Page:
The Top 10 Business Purchasing Mistakes–and How NOT to Make Them

This is a guest post by Merrin Muxlow of Resource Nation.

At some point, every business owner will be faced with a tough purchasing decision.
Say you need a new POS system, have decided to outsource a key business function (IT outsourcing or payroll processing, for example) but aren’t sure where to start- how can you tell if you’re getting your money’s worth? When should you take advantage of a bargain? Too often business owners make the mistake of buying beyond their needs, spending beyond their means, or making purchasing decisions without considering all the facts. Here are the top 10 purchasing mistakes, and how you can avoid them.

1. Buying too soon.

Brand new businesses can usually get by on bare-bones equipment and upgrade as needed. A good rule of thumb: if you’re not going to use it tomorrow, don’t buy it–you might not really need it in the future.

2. “Bargains” that aren’t.

Purchasing heavily discounted software programs and industry-specific hardware, such as POS equipment (touch screens, scanners, etc.) at a liquidation sale or auction can seem like a great deal…until you realize that your “bargain” purchase isn’t compatible with any of the equipment you already own. Some deals really are too good to be true.

3. Impulse buys.

Don’t get talked into a purchase by an overzealous salesperson, or go on a new office furniture spending spree because you’re frustrated with your same old surroundings. Smart business owners only make strategic purchases.

4. Not negotiating.

You can negotiate a deal on almost any business service, and most products, too. Most phone systems vendors, POS systems salespeople, payroll services reps, and other vendors will often throw in extras, especially if you buy at the end of the month, quarter, or year, where your purchase will make the difference in their final sales numbers.

5. Not asking for references/referrals.

Always ask for references before making any significant business purchase, especially if it’s for an ongoing service. Ask other businesses for recommendations, and request reference information from prospective vendors- get a local reference if possible.

6. Skimping on research.

You should know a few basics before you start to shop: your price range, your basic requirements, the names of a few vendors, and how long the purchasing process usually takes. Don’t waste your time contacting vendors that only offer services for big companies if you’re a small business.

7. Being a know-it-all.

10 Times Movies Depicted Big Businesses As The Villain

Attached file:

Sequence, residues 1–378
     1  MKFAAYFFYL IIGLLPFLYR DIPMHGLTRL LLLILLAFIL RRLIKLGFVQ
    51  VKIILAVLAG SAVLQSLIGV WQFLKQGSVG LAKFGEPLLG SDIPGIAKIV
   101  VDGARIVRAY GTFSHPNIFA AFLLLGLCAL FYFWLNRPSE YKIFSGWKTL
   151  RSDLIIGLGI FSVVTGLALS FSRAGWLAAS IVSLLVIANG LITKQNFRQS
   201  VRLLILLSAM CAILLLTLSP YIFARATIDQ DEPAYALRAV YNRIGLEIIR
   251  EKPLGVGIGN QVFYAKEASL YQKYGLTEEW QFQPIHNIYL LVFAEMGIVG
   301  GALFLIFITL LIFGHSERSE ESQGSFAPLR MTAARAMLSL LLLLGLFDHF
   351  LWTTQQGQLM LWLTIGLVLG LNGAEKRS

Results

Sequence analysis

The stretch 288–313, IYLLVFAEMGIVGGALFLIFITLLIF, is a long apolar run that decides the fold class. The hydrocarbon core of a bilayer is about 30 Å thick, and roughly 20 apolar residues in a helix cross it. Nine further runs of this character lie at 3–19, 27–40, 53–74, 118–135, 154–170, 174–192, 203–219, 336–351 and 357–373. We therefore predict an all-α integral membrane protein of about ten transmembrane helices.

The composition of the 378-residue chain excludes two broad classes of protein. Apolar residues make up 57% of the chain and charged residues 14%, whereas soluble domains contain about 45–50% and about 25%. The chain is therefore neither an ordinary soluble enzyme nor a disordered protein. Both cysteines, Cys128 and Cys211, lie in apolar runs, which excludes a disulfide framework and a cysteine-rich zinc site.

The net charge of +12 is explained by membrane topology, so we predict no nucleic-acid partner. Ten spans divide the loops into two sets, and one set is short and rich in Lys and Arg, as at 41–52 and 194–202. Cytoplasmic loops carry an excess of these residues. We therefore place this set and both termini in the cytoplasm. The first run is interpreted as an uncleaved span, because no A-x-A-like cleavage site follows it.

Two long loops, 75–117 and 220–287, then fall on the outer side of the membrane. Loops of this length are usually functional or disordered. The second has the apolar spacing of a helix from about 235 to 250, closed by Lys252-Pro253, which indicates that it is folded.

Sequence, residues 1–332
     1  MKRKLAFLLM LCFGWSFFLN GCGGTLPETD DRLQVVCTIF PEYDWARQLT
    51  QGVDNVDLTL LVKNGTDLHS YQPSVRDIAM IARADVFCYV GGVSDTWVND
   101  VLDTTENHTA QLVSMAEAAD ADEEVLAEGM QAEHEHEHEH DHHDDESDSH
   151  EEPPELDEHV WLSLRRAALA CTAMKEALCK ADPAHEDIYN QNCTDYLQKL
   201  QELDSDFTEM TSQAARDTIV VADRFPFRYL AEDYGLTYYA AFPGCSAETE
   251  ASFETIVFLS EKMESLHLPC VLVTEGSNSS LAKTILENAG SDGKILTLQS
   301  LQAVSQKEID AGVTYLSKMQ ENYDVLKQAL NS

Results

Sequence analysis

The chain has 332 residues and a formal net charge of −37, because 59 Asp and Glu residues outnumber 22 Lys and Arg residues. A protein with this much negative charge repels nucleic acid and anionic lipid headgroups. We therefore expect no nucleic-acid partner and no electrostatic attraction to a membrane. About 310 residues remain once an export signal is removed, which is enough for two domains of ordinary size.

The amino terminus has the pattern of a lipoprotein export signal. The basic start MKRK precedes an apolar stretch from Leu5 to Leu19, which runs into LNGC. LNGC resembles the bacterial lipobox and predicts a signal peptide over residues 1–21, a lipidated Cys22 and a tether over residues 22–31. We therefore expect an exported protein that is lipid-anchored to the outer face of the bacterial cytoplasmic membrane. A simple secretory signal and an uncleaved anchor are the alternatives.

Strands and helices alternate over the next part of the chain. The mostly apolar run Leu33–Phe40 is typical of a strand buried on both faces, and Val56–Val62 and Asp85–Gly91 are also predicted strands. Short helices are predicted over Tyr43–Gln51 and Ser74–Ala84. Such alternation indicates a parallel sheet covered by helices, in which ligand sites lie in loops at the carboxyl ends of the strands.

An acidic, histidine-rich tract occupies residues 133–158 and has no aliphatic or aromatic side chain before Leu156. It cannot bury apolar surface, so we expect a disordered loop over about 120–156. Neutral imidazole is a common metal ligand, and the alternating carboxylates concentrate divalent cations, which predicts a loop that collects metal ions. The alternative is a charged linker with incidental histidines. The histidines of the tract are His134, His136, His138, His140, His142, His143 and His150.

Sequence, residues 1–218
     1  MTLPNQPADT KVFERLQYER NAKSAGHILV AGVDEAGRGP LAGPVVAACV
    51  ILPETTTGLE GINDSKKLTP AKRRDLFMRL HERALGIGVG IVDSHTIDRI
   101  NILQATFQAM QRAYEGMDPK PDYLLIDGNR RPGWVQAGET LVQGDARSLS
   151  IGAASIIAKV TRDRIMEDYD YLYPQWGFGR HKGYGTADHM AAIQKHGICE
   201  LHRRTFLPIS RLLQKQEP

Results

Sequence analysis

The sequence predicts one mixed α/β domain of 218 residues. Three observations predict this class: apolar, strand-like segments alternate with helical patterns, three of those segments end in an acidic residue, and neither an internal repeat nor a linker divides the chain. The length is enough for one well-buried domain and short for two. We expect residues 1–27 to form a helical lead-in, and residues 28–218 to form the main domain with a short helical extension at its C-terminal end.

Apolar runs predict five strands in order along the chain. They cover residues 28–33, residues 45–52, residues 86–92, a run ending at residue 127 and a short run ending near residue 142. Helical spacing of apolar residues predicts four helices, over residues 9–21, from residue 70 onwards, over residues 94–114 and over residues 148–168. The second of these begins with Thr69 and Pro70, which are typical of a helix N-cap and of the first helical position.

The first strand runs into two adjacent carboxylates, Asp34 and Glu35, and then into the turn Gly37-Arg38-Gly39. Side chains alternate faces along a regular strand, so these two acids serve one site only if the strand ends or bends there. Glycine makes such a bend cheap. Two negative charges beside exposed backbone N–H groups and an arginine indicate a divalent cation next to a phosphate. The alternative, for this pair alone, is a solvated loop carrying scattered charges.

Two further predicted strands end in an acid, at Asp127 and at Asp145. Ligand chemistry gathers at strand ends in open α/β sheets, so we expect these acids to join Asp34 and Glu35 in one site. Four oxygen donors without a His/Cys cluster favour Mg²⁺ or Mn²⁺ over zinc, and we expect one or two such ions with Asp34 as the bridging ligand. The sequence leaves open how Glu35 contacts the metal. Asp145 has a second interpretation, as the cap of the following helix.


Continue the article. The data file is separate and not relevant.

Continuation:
While research is great, getting your heart set on a particular technology or product isn’t always a good idea- you might miss out on an offering that’s better suited for your business. Be open to suggestions, even if you have a fairly firm idea of what you want.

8. Buying based on price alone.

The cheapest product or service isn’t always the best- or even the cheapest! For example, many payroll services vendors charge a very low per-check fee, but then add charges on for changing employee information or performing mandatory payroll tax deposits. Evaluate all costs to make sure you’re really getting a deal.

9. Not considering long-run costs.

Many business necessities can be leased or hosted (software, voip phone systems equipment, etc.) instead of purchased. This might cut down on the initial outlay, but will be more expensive overall. For example, many credit card processing companies sell processing terminals for a few hundred dollars, or lease them for $20/month or more- buying is clearly the better bargain in such cases.

10. Overextending yourself.

Even if a specific purchase is absolutely necessary, it might be out of your current price range. Overextending yourself is never a good idea- try buying a cheaper version that can be upgraded or even traded in as your business grows.

The most successful business owners know that good judgment and common sense can go a long way- Only buy what you need, do your homework, and don’t spend to your limits. Remember, a “good deal” is a purchase you’re satisfied with, no matter how much the actual cost.


Merrin Muxlow is a writer, yoga teacher, and law student based in San Diego, California. Merrin writes extensively for Resource Nation, an online resource that provides expert advice on purchasing and outsourcing decisions for small business owners and entrepreneurs. She frequently contributes to several sites and programs that offer tools for business owners, including Dell, BizEquity, StartUpNation, and bMighty.

Written by Drea Knufken

Drea Knufken

Currently, I create and execute content- and PR strategies for clients, including thought leadership and messaging. I also ghostwrite and produce press releases, white papers, case studies and other collateral.